Monday, 17 March 2014

Need for Speed Review

Basing films on video games has rarely had any success. Most success has been milder than a korma curry drowned in cream. Dreamworks’ decision to create a film in a game with no storyline seemed a bizarre decision; one to primarily cash in on the success of the Fast and Furious franchise. Cynical as that may seem, it can always reap benefits if you gather the right talent to come together and have some fun. Need for Speed has got some great talent in it with Aaron Paul and Imogen Poots together in the lead roles and a director, Scott Waugh (Act of Valor), who’s committed to using real cars and real carnage for the action sequences. Even with all that real destruction and well made action scenes it still struggles at the basic hurdles of bigger budget filmmaking: action fatigue, lengthy running time, inconsistent writing.
The story created for the game is that Tobey Marshall (Aaron Paul) owns a garage where he works with his friends and races in his spare time. After his father passes away, the bank warn that they are starting to get behind on their loan, risking a closure if business doesn’t pick up in this small town garage. When his rival Dino Brewster (Dominic Cooper) shows back up in town and offers them a job and, afterwards, a race, things turn for the worse for Tobey and his gang. After he is framed and spends two years in prison, he has to get revenge and win the biggest race of the year.
Now is that was all first act stuff, don’t worry about spoilers. Although the cast really seem like they’re having fun – except Dominic Cooper’s one-tone villain who has no redeeming qualities at all. Aaron Paul has fun blatantly skidding a car up to the camera, revelling in the lack of CGI and the director trusting him in a Koenigsegg. The film is all about the entertainment value, or so you would think before going in, but it tries to hard to get an emotional tone that it doesn’t suit nor that it has the necessary writing to pull off. There may be sad moments but they never feel real, just character motivations, straight out of a screenwriting manual. That’s the problem with the loss or the negatives in this film. Never are they presented in a genuine and well-crafted manner but instead as a melodramatic moment of manipulation that isn’t effective. This film has a check list to get through.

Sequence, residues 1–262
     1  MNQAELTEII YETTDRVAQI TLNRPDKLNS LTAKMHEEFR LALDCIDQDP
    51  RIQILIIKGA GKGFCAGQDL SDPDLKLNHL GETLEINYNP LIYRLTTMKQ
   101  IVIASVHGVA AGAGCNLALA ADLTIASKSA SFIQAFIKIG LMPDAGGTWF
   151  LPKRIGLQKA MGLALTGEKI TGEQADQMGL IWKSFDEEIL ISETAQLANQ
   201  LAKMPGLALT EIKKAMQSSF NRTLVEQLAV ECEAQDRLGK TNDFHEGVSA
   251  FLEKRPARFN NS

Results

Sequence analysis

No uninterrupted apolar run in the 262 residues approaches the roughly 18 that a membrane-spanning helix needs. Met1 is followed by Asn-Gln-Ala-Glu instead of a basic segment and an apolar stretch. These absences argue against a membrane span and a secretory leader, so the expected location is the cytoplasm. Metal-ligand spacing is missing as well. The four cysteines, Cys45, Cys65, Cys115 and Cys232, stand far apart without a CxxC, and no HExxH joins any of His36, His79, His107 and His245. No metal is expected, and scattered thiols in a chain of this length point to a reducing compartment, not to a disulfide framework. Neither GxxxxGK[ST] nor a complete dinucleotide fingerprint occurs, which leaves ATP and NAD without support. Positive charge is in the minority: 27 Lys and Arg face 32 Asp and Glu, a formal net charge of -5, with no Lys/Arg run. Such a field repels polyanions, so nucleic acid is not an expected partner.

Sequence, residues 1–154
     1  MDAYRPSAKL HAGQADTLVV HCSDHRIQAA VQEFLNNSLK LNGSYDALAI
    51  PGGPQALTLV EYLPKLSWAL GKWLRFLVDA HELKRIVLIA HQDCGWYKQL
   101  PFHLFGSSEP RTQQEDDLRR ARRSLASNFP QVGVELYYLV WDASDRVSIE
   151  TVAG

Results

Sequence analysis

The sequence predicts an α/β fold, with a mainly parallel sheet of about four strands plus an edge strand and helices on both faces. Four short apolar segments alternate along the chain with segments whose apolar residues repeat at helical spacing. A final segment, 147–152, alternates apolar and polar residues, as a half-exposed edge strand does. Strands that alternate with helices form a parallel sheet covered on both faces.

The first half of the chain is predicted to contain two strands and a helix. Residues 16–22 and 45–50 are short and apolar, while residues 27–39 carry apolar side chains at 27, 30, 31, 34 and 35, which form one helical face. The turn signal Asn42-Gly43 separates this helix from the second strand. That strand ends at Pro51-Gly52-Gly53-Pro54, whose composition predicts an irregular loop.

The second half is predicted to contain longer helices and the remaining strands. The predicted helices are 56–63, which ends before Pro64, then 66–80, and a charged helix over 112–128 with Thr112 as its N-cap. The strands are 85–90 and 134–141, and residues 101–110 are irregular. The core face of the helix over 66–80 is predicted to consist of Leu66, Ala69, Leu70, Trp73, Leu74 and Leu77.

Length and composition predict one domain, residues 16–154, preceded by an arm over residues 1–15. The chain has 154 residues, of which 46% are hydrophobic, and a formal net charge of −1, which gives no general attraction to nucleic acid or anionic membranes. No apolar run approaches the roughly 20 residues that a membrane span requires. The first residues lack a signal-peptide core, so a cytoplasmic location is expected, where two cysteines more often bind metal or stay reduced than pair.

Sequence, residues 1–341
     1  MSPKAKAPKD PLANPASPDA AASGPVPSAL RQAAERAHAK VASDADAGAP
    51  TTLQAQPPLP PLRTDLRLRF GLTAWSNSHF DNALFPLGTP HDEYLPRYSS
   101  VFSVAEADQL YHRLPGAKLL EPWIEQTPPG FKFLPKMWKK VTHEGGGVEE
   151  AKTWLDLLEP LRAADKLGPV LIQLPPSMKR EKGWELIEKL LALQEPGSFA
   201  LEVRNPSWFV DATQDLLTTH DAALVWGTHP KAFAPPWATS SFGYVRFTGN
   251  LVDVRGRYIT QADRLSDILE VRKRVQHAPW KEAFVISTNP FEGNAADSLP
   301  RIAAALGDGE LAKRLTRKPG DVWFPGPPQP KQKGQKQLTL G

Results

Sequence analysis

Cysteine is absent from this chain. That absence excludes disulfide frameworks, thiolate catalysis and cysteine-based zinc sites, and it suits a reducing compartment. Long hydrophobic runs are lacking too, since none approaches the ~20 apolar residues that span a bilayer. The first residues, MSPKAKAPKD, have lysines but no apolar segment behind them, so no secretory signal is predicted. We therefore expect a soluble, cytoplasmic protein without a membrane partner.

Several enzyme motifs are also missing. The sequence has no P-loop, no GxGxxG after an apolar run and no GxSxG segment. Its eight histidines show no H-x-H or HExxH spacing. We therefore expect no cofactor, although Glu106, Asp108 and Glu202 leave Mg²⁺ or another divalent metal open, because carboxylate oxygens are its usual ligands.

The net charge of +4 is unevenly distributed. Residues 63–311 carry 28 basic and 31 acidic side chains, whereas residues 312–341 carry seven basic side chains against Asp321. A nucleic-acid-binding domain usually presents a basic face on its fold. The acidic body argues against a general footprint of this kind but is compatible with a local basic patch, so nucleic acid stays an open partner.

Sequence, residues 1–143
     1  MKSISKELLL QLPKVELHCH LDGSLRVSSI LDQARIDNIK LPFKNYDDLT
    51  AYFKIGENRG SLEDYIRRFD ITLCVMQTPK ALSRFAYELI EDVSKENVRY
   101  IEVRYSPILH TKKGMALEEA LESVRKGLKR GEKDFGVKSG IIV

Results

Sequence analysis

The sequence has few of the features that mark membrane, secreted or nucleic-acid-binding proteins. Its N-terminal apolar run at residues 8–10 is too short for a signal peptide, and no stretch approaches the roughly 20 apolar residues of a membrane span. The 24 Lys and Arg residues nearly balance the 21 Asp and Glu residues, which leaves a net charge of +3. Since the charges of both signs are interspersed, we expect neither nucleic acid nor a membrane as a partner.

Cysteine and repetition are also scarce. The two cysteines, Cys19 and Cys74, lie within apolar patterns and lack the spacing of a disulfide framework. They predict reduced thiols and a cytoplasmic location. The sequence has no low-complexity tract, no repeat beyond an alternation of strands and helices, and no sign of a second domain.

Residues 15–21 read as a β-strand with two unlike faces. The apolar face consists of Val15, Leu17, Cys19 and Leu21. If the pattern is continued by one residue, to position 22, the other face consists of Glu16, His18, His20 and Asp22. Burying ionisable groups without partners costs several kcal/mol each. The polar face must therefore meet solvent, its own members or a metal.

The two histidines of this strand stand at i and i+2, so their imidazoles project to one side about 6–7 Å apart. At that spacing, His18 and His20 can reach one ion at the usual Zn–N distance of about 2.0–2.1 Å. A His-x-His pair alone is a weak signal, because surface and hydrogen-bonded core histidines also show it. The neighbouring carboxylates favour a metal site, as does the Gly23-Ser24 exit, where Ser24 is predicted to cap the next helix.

Characters are only stock characters too. They are mostly one dimensional creations that don’t have an arc and fulfil narrative duties rather than interest. Once in a while they will get a moment to be funny but it feels as though the jokes are too hit and miss to be enjoyed. Then there comes the most inconsistently written female character in recent memory with Imogen Poots’s Julia, an elegant rich English woman with a knowledge of cars. But there’s problems with her character decisions and their consistency. Constantly she says not to judge her by how she looks but then talks about a fear of heights but that soon disappears. Julia acts fragile at other times and really tough in others as well as somehow finding it charming to be completely judged by gender stereotypes in odd moments. There are a lot of problems with her but Imogen Poots, for the most part, makes it work. Aaron Paul is pretty great in this even if his character isn’t. He really pulls off the charisma and the silent charm of the leading man, with his husky voice and trust in his own stature to speak volumes when necessary.
With all that said, Need for Speed struggles from what everyone expected it to struggle from and that’s the writing. The 130 minute running time is way too long for this film, there are too many moments dragged out in slow motion, that could easily cut about 20 minutes from the film itself. Its length is noticeable, audience members will start to check their watch, baffled at the length of a film that is all about going fast. It doesn’t hold on to the entertainment value that say Fast Five did with its overextension and exaggeration in action sequences. Need for Speed suffers from the fact that it’s supposed to speed along yet crawls along in moments that are unnecessary, unfunny and unfulfilling. Emotional moments are fraudulent and there’s nothing worse than feeling the manipulation of them. Most of the stunts and action sequences are impressively done and they are exhilarating but the entire story and characters surrounding these sequences are as boring as plodding along in a Nissan Micra. It really needed a full service and clean.